Country
Australia
Sources
InforMEA
Tagging
Land Use, Environmental Impact Assessments, Public Participation
Abstract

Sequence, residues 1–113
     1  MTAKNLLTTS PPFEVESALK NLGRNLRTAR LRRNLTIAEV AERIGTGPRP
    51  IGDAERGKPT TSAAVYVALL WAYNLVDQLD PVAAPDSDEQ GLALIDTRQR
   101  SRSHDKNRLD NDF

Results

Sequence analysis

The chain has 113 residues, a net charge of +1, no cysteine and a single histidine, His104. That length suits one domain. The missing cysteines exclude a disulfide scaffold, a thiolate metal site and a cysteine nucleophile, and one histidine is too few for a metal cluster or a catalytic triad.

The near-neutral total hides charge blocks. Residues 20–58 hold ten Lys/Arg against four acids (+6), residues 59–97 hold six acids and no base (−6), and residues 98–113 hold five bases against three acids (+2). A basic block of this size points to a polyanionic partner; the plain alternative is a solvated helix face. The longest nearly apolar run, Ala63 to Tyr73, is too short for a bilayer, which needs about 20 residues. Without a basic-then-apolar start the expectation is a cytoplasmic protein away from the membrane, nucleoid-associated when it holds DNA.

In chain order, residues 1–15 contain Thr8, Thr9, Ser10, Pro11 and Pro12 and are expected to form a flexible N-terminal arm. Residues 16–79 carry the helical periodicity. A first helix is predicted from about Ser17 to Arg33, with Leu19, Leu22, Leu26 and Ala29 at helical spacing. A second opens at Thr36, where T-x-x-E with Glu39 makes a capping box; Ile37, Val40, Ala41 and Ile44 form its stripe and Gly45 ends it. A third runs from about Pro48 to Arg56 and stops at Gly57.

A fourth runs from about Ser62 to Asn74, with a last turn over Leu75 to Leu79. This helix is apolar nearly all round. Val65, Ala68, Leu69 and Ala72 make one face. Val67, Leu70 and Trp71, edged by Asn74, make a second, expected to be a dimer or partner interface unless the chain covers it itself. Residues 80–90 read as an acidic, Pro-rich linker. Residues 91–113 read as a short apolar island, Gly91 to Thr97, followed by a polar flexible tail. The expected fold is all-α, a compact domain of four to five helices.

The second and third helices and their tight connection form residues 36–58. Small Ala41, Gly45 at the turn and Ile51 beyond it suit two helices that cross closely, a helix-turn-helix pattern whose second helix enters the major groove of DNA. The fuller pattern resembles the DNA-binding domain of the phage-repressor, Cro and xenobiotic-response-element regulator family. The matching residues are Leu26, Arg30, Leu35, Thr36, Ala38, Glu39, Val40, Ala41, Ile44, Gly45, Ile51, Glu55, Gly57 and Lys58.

The appellant was a residents group which had objected to the respondent council granting to itself development consent for a green organics bioremediation facility. The site was close to residential development and a public school. The council was the landowner, proponent and consent authority for the proposal. The parties agreed that the principal issue was odour emanation from the site and its potential to cause nuisance and annoyance to the nearby school as well as the adjacent residential areas. The court was of the view that only consistent high management practices could ensure that aerobic conditions would be maintained on the site. It was necessary to have in place an environmental management system in order to be able to maintain a high standard of management. This was lacking. The court had no faith in the delivery of total quality management for the proposed facility. The location of the facility was inappropriate given its close proximity to sensitive land uses. The court was not satisfied that there would not be unreasonable odour problems for the pre-school and nearest dwelling houses. The Council argued that the concept of a bioremediation facility was an excellent example of ecologically sustainable development. The court agreed. It was consistent with ecologically sustainable development to have a facility which took green wastes away from diminishing land fill and provided value added end products. This was consistent with the core principle of intergenerational equity. It had, however, to be noted that another core principle of ecologically sustainable development was the precautionary principle. The court added that there were many Rio Principles which were relevant to environmental decision-making, including a case such as this. For example, the right to a healthy environment (Principle 1). Indeed, the principle of environmental harm was a major cornerstone in connection with ecologically sustainable development. This was most effectively accomplished through environmental impact assessment processes (Rio Principle 17) involving full public participation (Principle 10). The court concluded that the application should be refused.